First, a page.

Finished The Case for God by Karen Armstrong. Brilliant book. Though the title is an unfortunate victim of marketing-speak. It’s not an apologetic to convince you of anything except that being convinced means your are doing the God thing wrong. As usual the history she breaks down for the reader is immensely illuminating.
At the end of the day to quest for that Reality some of us call God is quintessentially human with all the attendant good and evil. Faith is more like marriage than some intellectual exercise (or surrender). Religion is work. Some are good at it and some aren’t.
Recently one of my more devout friends got into a mini-debate about so-called Creation Science and the veracity of the Bible as a scientifically true book. His pièce-de-résistance was the article below. It’s not my purpose here to refute Creation Science itself, but to refute calling it true science. It is, like phrenology, a pseudo-science.
Recently one of my more devout friends got into a mini-debate about so-called Creation Science and the veracity of the Bible as a scientifically true book. His pièce-de-résistance was the article quoted below. It’s not my purpose here to refute Creation Science itself, but to refute calling it true science. It is, like phrenology, a pseudo-science. Continue reading “Theoretical Creative Destruction”
I have a good friend who is a staunch materialist and enjoy a little back and forth with him about God. We don’t debate since that’s of little value. But in the course of our discussions I’m struck by how religious the arguments for atheism are and how absolute their proponents’ faith is in only what can see, hear, and touch.
I say faith because that is by definition belief in something impossible to prove. You simply can’t prove a negative without, dare I say it, the infinite knowledge of God. (Props to Professor Michael Eric Dyson for challenging me on my fideistic acceptance of materialism.) But that’s not the only reason why I call it faith.
The sheer arrogance of the likes of Bill Maher and Richard Dawkins is reminiscent of the Magesterium in times past and, to my regret, not so distant past. We know The Truth while the rest of the world is either deluded, stupid, or both. It’s implicit in the ideology. Even well meaning folks can’t seem to avoid it. One of the coolest people on this planet I know asked me “Why do you believe in God, Rob, you’re so intelligent?” out of genuine curiosity. Except for his atheism, he is the opposite of Dick Dawkins. (Yes, I mean the pun). At Bible study/Church school, we are going through adult catechism over the next year. It’s amazing how the ethos is identical insofar as the tendency of all too many to look down on the beliefs of others.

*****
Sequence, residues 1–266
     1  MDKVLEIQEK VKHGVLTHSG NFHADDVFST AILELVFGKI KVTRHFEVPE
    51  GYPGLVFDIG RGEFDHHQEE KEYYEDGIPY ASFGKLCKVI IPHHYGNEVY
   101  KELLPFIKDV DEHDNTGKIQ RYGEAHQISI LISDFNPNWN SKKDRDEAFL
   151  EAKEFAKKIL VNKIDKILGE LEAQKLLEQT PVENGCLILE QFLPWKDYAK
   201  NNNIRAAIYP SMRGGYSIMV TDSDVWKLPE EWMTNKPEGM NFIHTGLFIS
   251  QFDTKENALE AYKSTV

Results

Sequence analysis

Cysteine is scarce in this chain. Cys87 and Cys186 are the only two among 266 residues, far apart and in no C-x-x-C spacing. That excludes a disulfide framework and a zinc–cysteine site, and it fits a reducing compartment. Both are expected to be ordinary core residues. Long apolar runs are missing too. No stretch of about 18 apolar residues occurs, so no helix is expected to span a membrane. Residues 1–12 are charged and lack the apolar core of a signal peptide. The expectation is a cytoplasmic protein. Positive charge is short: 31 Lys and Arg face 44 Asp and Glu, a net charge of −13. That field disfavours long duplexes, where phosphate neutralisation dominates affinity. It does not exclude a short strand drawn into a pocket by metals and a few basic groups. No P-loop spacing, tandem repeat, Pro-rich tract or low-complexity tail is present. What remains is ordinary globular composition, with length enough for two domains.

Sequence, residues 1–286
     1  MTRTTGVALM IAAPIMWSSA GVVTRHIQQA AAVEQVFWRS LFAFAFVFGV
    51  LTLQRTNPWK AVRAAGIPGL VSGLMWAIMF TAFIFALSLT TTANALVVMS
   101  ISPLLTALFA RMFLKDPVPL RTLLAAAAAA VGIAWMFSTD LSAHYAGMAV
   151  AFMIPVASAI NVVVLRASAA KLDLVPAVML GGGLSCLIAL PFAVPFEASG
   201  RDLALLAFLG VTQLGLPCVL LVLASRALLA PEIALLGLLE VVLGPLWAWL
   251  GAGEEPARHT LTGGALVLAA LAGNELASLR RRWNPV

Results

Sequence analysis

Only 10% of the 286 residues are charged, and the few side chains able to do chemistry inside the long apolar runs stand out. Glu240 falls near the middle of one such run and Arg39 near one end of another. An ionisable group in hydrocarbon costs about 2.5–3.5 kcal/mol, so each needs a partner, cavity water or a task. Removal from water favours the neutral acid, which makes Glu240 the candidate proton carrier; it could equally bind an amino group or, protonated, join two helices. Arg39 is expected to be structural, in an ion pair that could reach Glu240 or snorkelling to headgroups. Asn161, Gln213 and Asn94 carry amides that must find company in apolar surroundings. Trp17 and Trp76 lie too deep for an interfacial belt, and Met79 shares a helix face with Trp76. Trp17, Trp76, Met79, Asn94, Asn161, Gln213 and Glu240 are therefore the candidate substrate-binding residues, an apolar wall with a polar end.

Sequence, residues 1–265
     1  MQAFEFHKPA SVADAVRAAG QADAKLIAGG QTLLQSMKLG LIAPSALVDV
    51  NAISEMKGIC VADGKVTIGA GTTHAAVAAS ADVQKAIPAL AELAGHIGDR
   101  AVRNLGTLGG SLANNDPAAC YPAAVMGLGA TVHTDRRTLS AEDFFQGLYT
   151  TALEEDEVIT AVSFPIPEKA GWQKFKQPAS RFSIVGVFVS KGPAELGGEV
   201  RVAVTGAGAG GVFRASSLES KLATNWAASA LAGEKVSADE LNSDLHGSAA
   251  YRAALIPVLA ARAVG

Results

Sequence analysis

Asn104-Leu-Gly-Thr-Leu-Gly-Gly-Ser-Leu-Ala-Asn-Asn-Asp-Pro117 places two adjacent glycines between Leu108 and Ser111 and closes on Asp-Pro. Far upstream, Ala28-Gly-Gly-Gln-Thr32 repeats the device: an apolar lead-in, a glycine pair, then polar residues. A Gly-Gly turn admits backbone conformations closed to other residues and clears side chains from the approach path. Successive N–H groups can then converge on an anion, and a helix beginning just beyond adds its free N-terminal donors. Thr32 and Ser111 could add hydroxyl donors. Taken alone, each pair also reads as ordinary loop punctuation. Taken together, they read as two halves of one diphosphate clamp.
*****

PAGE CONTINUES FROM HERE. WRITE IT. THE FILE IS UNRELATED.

I love Truth and work hard at finding it but I’m not so prideful to claim it as my own. I have to be, like a good scientist would be, willing to accept that tomorrow’s discovery will turn my world upside down else I have no faith, “the substance of things hoped for, the evidence of things not seen.”
And on that note:
I’m not an atheist and I don’t think I can call myself a pantheist. We are in the position of a little child entering a huge library filled with books in many different languages. The child knows someone must have written those books. It does not know how. The child dimly suspects a mysterious order in the arrangement of the books but doesn’t know what it is. That, it seems to me, is the attitude of even the most intelligent human being toward God.